Although it is established that the incidence of epilepsy is higher among individuals with autoimmune disorders — particularly those that directly affect the brain — a Danish study published in Neurology has specifically linked epilepsy risk among children to whether their mothers have rheumatoid arthritis (RA).
Earlier research, including a 2014 study by scientists at Boston Children’s Hospital, has linked epilepsy and autoimmune disorders. That prompted Ane Lilleøre Rom, PhD, of the Department of Obstetrics and Research Unit Women’s and Children’s Health, the Juliane Marie Centre, Copenhagen University Hospital, Rigshospitalet, and colleagues to explore the topic further.
They classified some 2 million Danish children born between Jan. 1, 1977, and Dec. 31, 2008, based on whether they were exposed to maternal or paternal RA, or not exposed to RA at all. They then tracked the incidence of epilepsy among the children for an average of 16 years.
Children exposed to maternal RA had an overall 26 percent higher risk of early- and late-childhood epilepsy than those who were not exposed, whereas paternal RA had no effect. Further, children whose mothers had clinical RA, meaning they had the condition at the time they gave birth, had a higher risk of early-childhood epilepsy than those whose mothers had preclinical RA, or RA that was diagnosed after childbirth.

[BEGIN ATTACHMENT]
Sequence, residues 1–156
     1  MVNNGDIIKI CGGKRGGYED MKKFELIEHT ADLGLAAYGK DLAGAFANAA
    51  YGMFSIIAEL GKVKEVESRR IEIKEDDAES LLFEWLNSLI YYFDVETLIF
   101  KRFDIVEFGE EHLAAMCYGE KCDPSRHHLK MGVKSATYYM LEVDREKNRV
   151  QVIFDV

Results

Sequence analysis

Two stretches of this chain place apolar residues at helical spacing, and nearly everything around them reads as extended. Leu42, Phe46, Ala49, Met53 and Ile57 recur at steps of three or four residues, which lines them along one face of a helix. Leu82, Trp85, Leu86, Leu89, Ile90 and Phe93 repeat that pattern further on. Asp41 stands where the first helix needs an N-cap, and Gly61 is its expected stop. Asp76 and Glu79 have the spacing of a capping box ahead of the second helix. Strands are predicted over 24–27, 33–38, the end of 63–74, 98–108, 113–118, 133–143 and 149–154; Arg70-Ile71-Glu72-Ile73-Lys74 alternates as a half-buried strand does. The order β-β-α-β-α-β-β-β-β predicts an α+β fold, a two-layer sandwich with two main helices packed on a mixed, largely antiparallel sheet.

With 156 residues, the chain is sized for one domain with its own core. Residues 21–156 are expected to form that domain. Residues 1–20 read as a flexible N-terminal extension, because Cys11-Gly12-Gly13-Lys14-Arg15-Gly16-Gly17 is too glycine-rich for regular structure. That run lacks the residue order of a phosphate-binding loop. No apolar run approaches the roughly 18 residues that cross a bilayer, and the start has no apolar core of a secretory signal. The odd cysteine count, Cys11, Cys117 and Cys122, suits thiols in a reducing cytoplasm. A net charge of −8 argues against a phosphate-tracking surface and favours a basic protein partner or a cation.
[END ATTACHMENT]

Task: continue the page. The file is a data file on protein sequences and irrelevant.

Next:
Rom cautions that the total number of affected children is comparatively small and says the study’s key benefit is that it provides a tool for better understanding some of the mechanisms behind epilepsy.
“Though children exposed to maternal clinical RA were up to 90 percent more likely [than children who were not exposed] to develop epilepsy, ... this in absolute numbers translates to 3 percent of the children,” she explains. “Thus, 97 percent of the children born to mothers with clinical RA will not develop epilepsy.”
Rom is looking into whether other maternal autoimmune diseases increase the risk of epilepsy in children. Her research suggests additional avenues of investigation as well.
“The fact that paternal RA did not influence the risk of childhood epilepsy makes it more likely that there is a fetal environmental exposure resulting in an increased risk of epilepsy, rather than a heritable factor,” Russell C. Dale, MRCP, PhD, and J. Nicholas Brenton, MD, write in an editorial accompanying the Neurology study. “While therapies to treat maternal RA could conceivably be an alternative exposure factor that increases epilepsy risk, the fact that mothers with preclinical RA ... had offspring with an increased risk of epilepsy makes this less plausible.”